As reference, I used the Wikipedia page about the BMP file format. The code is released under a BSD license and is available for download here. It can make 24-bit colour bitmaps. It also contains some functions to manipulate colours. Bitmaps are created by calling a write-bmp function.

It was an interesting experience to work with binary streams, and I learned a lot. The code's not that nice, and probably not that efficient either, but it does what I want, which is output pictures.

One of the arguments to write-bmp is used to determine the colour of each pixel, and can be either a list of lists, or a function of two arguments. Here's a call that produces a twelve colour diagonal rainbow:

(write-bmp (path "bitmaps/diagonal-rainbow3.bmp") 80 80

#'(lambda (row col) (rainbow12 (/ (+ row col) 2))))

The function rainbow12 selects a colour based on the floor of it's input mod 12. The above call produces*:

Here's a fun example using MathP:

(write-bmp (path "bitmaps/picture-perfect.bmp") 80 80

#M(fn(r c)

{applR = 2.5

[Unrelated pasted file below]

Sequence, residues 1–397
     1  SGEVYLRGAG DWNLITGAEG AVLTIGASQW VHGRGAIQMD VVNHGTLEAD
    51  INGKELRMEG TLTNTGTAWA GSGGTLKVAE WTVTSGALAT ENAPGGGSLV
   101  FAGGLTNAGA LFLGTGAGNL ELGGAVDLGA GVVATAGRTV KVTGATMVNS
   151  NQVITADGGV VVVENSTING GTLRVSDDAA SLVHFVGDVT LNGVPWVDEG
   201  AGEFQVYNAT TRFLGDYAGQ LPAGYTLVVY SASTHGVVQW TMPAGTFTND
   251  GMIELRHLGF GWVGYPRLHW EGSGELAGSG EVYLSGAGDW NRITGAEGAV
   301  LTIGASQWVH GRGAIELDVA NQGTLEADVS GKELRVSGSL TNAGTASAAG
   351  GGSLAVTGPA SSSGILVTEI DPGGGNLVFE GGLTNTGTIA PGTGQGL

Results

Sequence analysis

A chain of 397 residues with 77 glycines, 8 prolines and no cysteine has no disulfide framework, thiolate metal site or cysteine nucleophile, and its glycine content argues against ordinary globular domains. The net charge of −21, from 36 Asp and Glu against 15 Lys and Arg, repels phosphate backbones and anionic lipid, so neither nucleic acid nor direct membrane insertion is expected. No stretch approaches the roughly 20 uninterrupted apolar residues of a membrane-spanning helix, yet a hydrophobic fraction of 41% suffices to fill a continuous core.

inRad(x y rad) = (c-x)^2 + (r-y)^2 < rad^2

if inRad(15 65 6) yellow; inner sun

if inRad(15 65 8) orange; outer sun

if inRad(48 55 applR) || inRad(65 45 applR) || inRad(52 40 applR) red

if (r-50)^2+(c-55)^2<15^2 darkgreen

if r<20+3*cos(c/10) green; grass

if 50<c<60 && r<50 brown blue}))

It produces*:

But since computers are good at calculations, let's try something a little more intense (and random, and ... psychedelic):

(write-bmp (path "bitmaps/trigonometric2.bmp")

360 300

#'(lambda (row col)

(rainbow12

#M{(row^1.1 + 0.6*col + 35*cos(col/15)*sin(row/16)

+ 2 * sqrt((row-250)^2 + (col-200)^2)

+ 20 * cos((col-0.3*row)/70) * (2-sin(row/80))

+ 20 * (1-cos(0.7+col/25)) * cos(0.6-row/50))/15})))

Viola*:

I hope your eyes aren't bleeding too much after that one. ;-)

I've also implemented some anti-aliasing, here's are some anti-aliased pictures:

The last one above is an attempt at creating a 'world' map with things like seas (blue), beaches (yellow), vegetation (green) and mountains (brown and white). The jump from vegetation to beach is sharp, but the anti-aliasing smooths it nicely.